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Thursday, April 17, 2014
 

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Kennan and Forrestal papers processing project completed

Princeton University's Seeley G. Mudd Manuscript Library has completed a one-year project to process the papers of George Kennan and James Forrestal, two Princeton alumni who were important figures in shaping U.S. policy at the inception of the Cold War.

Kennan and Tito

U.S. Ambassador to Yugoslavia George Kennan (right) is greeted by Marshal Josip Broz Tito as U.S. Ambassador to the United Nations Adlai Stevenson looks on in a picture taken in 1962-63. (Photo: Mudd Manuscript Library)

Kennan, a diplomat and historian, is best known for writing the "Long Telegram" and the subsequent "X" article in Foreign Affairs in which he advocated for a new course in U.S.-Soviet relations that became known as "containment." Kennan, a 1925 Princeton graduate, was involved in diplomatic relations with the Soviet Union throughout most of his distinguished career in the U.S. Foreign Service. As a historian at the Institute for Advanced Study, he studied modern Russian and European history and became an important critic of American foreign policy. His papers document his entire career.

Forrestal, a 1915 Princeton alumnus and a Wall Street businessman, was the first U.S. secretary of defense, overseeing the unification of the U.S. military departments in 1947. He previously served as assistant to President Franklin Roosevelt as well as undersecretary and secretary of the Navy. His papers date from his service in the U.S. government during and immediately after World War II.

Forrestal at Hospital

James Forrestal (right), secretary of the Navy, visits the U.S. Naval Hospital in Oahu in spring 1945 on his return trip from the Iwo Jima combat area. Forrestal speaks with Lamoine Weber, hospital apprentice first class, U.S. Naval Reserve, who was wounded during the invasion. (Photo: Mudd Manuscript Library)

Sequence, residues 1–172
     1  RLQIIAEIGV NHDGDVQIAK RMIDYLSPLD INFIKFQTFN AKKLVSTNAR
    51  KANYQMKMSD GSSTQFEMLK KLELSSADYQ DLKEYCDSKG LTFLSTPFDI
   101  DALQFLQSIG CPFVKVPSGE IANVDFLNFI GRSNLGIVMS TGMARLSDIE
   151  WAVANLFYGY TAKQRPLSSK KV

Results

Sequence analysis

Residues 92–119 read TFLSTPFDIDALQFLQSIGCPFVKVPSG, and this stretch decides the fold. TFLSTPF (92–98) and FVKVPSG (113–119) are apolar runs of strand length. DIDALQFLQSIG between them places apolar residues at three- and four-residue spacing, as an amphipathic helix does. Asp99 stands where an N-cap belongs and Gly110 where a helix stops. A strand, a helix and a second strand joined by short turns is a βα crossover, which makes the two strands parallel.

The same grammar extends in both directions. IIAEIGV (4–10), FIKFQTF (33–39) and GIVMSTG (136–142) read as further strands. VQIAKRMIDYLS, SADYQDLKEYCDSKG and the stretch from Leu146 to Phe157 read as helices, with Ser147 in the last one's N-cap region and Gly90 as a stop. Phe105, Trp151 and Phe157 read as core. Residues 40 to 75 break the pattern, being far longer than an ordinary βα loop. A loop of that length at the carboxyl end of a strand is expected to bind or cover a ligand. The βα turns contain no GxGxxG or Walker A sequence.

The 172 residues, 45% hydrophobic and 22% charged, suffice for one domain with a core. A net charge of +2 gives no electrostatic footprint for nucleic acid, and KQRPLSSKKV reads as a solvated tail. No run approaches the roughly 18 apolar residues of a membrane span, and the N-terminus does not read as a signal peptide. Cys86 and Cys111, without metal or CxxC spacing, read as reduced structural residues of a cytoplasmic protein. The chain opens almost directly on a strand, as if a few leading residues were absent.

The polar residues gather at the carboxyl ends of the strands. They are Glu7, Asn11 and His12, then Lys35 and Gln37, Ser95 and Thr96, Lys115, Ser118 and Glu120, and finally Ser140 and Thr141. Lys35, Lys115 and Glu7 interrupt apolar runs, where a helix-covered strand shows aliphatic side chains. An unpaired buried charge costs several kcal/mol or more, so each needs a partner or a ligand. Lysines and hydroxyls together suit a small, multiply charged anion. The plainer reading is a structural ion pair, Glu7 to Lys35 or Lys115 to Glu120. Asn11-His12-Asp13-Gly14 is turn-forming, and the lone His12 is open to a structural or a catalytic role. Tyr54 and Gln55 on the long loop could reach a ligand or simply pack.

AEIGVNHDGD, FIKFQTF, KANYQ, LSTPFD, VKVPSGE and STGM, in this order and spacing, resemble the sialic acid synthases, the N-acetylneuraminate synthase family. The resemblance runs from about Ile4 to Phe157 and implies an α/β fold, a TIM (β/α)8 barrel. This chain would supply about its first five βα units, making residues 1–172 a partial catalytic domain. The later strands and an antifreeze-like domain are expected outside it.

The finding aids for the George F. Kennan Papers and the James V. Forrestal Papers are available online. The processing of these papers was completed in June and managed by project archivist Adriane Hanson. It was made possible through the support of the National Historical Publications and Records Commission.

As part of this project, the Arnold A. Rogow Papers on James V. Forrestal also were processed.   The Rogow papers are composed of materials he collected for his book " James Forrestal: A Study of Personality, Politics and Policy" (1963) and include correspondence with individuals who knew Forrestal, Rogow's notes and other research materials. The finding aid is available online. 

For further information about these collections or about conducting research at the Seeley G. Mudd Manuscript Library, visit the library website.

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